The first thing you will notice is that they run rich all the time and at any speed and never set a DTC. They are happy as can be running rich in closed loop. Wait, how can that be? Closed loop is feedback of the exhaust sensors? Right?
As a bonus, these always go into an perturbating fuel control mode at about 30 mph during an IM240 run, I posted that in the last of the images including Lambda and CO.
Check which monitors ran and which readiness do you think completed. Which one(s) won't complete and why?
(EDIT) 9-26-18 Adding more images below:
Looks like a great lesson. Unable to read the data. The sheets will not enlarge. Probably an old guy problem.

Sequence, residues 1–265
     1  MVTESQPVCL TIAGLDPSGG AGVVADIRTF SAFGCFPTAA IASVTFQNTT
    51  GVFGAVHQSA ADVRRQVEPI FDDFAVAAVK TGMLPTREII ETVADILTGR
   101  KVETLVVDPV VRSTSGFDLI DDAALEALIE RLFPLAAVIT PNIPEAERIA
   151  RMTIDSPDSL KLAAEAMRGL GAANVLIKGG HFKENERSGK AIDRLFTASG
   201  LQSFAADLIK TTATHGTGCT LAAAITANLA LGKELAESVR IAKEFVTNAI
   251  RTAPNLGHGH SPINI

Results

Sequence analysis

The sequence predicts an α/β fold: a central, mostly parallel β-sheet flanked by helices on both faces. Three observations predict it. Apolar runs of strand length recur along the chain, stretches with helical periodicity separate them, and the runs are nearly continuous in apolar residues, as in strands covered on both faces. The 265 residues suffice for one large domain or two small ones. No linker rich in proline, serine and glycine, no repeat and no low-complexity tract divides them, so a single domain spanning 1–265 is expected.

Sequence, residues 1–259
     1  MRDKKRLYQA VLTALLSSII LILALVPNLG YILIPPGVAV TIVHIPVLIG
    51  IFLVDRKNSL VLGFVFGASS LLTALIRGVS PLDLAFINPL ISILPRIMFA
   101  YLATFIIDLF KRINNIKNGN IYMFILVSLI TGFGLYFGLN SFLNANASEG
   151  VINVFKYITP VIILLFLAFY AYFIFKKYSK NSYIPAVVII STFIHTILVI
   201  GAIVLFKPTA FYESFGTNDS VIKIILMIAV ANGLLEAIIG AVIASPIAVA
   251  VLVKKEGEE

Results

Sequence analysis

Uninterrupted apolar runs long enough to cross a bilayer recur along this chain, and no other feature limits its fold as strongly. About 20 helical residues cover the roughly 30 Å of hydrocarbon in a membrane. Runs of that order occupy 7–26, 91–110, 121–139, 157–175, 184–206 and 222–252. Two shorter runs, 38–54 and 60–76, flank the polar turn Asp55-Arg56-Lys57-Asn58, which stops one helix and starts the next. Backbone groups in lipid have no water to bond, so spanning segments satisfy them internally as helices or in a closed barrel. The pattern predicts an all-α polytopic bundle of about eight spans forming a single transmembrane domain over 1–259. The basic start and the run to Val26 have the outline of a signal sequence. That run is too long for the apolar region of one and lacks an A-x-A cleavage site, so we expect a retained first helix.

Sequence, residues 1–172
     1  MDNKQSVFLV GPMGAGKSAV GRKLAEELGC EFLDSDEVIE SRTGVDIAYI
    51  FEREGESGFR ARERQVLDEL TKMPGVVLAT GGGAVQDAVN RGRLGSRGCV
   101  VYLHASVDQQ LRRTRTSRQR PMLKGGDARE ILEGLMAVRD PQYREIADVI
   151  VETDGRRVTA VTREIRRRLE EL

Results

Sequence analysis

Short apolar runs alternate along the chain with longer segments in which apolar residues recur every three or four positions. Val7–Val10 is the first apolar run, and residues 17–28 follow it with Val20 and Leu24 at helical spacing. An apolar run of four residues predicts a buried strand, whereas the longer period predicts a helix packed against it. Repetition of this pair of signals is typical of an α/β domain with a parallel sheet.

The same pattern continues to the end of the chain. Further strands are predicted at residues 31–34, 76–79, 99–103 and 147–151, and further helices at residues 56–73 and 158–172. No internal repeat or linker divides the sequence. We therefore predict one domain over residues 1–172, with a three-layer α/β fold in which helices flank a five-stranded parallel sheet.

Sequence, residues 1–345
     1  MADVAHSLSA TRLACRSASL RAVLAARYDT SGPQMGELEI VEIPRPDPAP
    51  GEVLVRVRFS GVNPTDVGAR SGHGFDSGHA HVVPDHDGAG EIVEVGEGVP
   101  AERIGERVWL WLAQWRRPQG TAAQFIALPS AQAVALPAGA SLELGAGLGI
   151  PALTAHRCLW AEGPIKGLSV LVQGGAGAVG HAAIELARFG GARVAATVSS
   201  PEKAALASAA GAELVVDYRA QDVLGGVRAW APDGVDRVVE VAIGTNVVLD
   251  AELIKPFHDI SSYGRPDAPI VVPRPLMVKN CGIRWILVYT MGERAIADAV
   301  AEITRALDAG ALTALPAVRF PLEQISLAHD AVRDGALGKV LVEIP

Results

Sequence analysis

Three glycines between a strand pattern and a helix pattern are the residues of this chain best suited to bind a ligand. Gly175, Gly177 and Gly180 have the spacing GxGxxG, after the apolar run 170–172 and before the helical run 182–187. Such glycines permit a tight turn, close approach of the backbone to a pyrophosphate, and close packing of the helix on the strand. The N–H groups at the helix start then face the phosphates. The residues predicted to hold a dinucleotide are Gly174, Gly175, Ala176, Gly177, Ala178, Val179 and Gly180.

This works in Firefox, not sure about the other browsers. Right click on one of the images, hover over "This Frame" and in the slide out menu click "Show only this Frame" they will open up larger and you can click on them to zoom in.
I had Randy send me the scan tool data so I could able to embed the Silver scan-tool report. Let me know if you have any trouble.
That's a tough one. I see that the vehicle is running rich as you pointed out, and it looks like the ECM is commanding it to be there if I'm reading the data correctly.
You also mention we should have a look at which monitors are not completing and why. Looks like EVAP isn't completing, although I don't have any specific reason as to why.
What part did you recommend replacing? The EVAP purge valve?
Randy provided me with additional data which I added to his original post just a few minutes ago. You may want to take a look to see if there are any helpful clues.